• 15. Grant Thornton “! CoPs are becoming more and moreGrant Thornton LLP is the US operation of Grant Thornton International, sophisticated asthe global accounting, tax and business advisory organisation which organizations gain moreemploys more than 30,000 employees globally and serves public andprivate clients in more than 100 countries. experience in integrating them into the fabric ofGrant Thornton is using CoPs for continued learning as part of itsinnovative learning and leadership development initiative called LEADS. their business.LEADS’ mission is to develop leaders who live the organisation’sglobal vision and values, excel in client service and technical expertise,develop the firm’s people and support continuous leadershipdevelopment. ”One of its most visible and impactful programmes is a live three daysales simulation event for senior managers. The CoP is used alongsideregular-scheduled online learning events as a follow-up to the event tohelp embed key learnings in the workplace.Underwriters LaboratoriesUnderwriters Laboratories is an independent product safety certificationorganisation that has been testing products and writing standards forsafety for more than a century. To keep pace with its organic growthrate, in 2009 the company had a pressing requirement to recruit andtrain around 1,000 product safety engineers throughout 19 countrieswithin three years.This was made possible through a blended learning programme and‘boot camp’ with the Underwriters Laboratories University’s knowledgemanagement system providing support for informal and collaborativelearning through online communities, blogs for Q&A, wikis, and a globalcommunity of experts.Year over year, the product safety engineer training programme hasmet or exceeded the goal of cutting the speed to qualification, andtherefore speed to productivity, by 50% compared to the instructor-led apprenticeship model it previously relied on. The online CoPs haveplayed a key role in facilitating knowledge-sharing.CoPs are becoming more and more sophisticated as organizations gain moreexperience in integrating them into the fabric of their business.According to Josh Bersin, one of the key challenges facing organizationstoday is not only rethinking how learning content is developed and consumed,but rethinking how a company works as a set of business communities anddesigning learning and development solutions that fit each community’s 15needs. Two companies that are beginning to embrace this approach are Inteland Lufthansa. © Cegos Group, 2012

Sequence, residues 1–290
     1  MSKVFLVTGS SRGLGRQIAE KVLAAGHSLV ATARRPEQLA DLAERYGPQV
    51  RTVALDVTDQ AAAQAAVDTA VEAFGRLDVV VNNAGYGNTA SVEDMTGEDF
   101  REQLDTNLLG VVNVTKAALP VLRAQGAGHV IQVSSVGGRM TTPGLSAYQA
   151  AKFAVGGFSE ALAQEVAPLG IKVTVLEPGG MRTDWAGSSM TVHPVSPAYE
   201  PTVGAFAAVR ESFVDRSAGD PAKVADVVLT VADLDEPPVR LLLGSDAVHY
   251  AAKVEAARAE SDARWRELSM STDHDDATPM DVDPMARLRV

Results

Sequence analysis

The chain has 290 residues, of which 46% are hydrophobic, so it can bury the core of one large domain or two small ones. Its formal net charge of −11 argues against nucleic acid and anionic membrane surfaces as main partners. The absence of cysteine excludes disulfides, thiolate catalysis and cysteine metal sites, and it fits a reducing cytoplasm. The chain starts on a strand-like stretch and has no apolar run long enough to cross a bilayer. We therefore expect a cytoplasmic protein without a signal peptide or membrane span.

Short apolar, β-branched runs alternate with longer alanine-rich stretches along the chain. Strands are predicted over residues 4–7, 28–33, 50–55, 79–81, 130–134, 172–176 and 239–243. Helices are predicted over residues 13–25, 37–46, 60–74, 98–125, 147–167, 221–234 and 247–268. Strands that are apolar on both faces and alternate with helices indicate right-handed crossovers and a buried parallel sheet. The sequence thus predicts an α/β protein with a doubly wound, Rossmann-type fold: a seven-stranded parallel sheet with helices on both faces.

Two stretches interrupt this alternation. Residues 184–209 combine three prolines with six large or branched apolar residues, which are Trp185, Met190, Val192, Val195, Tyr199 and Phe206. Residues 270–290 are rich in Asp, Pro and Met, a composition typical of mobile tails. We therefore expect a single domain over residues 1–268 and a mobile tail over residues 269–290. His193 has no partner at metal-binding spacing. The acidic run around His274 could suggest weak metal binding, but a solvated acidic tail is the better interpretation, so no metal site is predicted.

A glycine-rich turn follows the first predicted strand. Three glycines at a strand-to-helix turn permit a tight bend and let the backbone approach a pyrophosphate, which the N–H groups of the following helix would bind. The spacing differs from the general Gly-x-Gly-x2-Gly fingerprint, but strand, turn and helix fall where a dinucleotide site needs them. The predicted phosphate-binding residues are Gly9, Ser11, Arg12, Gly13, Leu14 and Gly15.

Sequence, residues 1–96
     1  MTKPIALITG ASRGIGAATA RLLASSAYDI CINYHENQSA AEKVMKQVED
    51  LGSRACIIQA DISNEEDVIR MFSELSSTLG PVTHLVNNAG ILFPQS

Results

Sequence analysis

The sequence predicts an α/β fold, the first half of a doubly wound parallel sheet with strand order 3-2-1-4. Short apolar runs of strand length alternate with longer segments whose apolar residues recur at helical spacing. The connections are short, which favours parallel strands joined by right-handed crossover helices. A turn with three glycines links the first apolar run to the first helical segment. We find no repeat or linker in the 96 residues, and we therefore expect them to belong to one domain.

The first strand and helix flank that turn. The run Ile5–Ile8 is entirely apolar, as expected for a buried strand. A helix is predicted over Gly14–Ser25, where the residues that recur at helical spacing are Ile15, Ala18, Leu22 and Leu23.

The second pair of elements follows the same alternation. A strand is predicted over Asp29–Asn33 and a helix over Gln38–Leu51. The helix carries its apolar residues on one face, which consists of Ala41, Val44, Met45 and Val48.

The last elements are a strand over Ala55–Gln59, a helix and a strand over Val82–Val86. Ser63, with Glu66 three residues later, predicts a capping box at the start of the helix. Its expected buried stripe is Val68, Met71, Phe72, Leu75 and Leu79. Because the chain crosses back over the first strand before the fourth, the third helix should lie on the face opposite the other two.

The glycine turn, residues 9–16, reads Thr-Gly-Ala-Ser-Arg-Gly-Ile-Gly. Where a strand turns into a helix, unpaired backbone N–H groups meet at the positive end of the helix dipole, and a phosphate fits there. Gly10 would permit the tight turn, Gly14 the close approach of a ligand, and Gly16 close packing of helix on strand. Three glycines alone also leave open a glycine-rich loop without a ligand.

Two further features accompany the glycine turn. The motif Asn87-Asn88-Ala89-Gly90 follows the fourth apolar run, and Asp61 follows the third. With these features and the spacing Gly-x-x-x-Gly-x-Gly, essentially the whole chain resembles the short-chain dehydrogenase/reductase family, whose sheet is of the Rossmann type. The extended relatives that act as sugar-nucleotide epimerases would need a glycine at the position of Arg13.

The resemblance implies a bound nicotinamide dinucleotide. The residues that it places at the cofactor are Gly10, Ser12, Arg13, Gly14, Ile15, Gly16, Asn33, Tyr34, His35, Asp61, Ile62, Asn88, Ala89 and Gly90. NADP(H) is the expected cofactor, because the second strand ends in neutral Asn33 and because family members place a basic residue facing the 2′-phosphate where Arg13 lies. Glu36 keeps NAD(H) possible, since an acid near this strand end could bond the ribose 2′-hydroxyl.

• 16. A community-based learning approach to develop femaleengineers at Intel “! Lufthansa’s innovative approach of developing people to support their own communitiesThe role of women in the workforce has dramatically changed in the last 10years. Today, more than 58 percent of graduates are women and many leading and giving them theorganisations like HP, IBM and PepsiCo now have female executives at thehelm. Corporate programmes that attract, develop and support women have a freedom and actioncrucial role to play in winning the war for talent. plans to implementIntel recognised that there is still a subtle bias against women in technical solutions within theirroles in many parts of the world. Rather than simply train managers on the community has helpedrole of women and how to counter gender bias, Intel proactively set up 32community chapters called the Women at Intel network, empowering women drive significantto work together as a local community and learn from each other. improvements inCorporate HR and learning and development teams have helped to build and operational executionsupport these communities with infrastructure, communications and training, and has resulted inbut ultimately it is the communities themselves which surface cultural,training or leadership issues that must be addressed. greater engagement and career growth throughout theLufthansa – Developing people to support their own communities organisation.Lufthansa’s Coaching Ourselves programme gives high-potential leaders a ”set of high-value coaching skills and formal leadership development and isdesigned to change the organisation itself not just the people it trains.With over 100,000 employees and internal communities in place amongservice agents, finance, IT and country operations teams, a key goal of thecorporate HR department was to empower these communities to improveleadership, internal coaching, knowledge sharing and development.Lufthansa developed a highly blended training programme for high potentials,teaching them how to coach themselves with the goal of working on projectsthat are very specific to their own communities using the skills they learnedthrough the programme.One team addressed the problem – “If only Lufthansa knew what Lufthansaknew” – by creating an active social network that put in place a formalprogramme for sharing best-practices, and the programme was replicatedacross different countries using country-specific approaches and tools.Lufthansa’s innovative approach of developing people to support their owncommunities and giving them the freedom and action plans to implementsolutions within their community has helped drive significant improvementsin operational execution and has resulted in greater engagement and careergrowth throughout the organisation. 16 © Cegos Group, 2012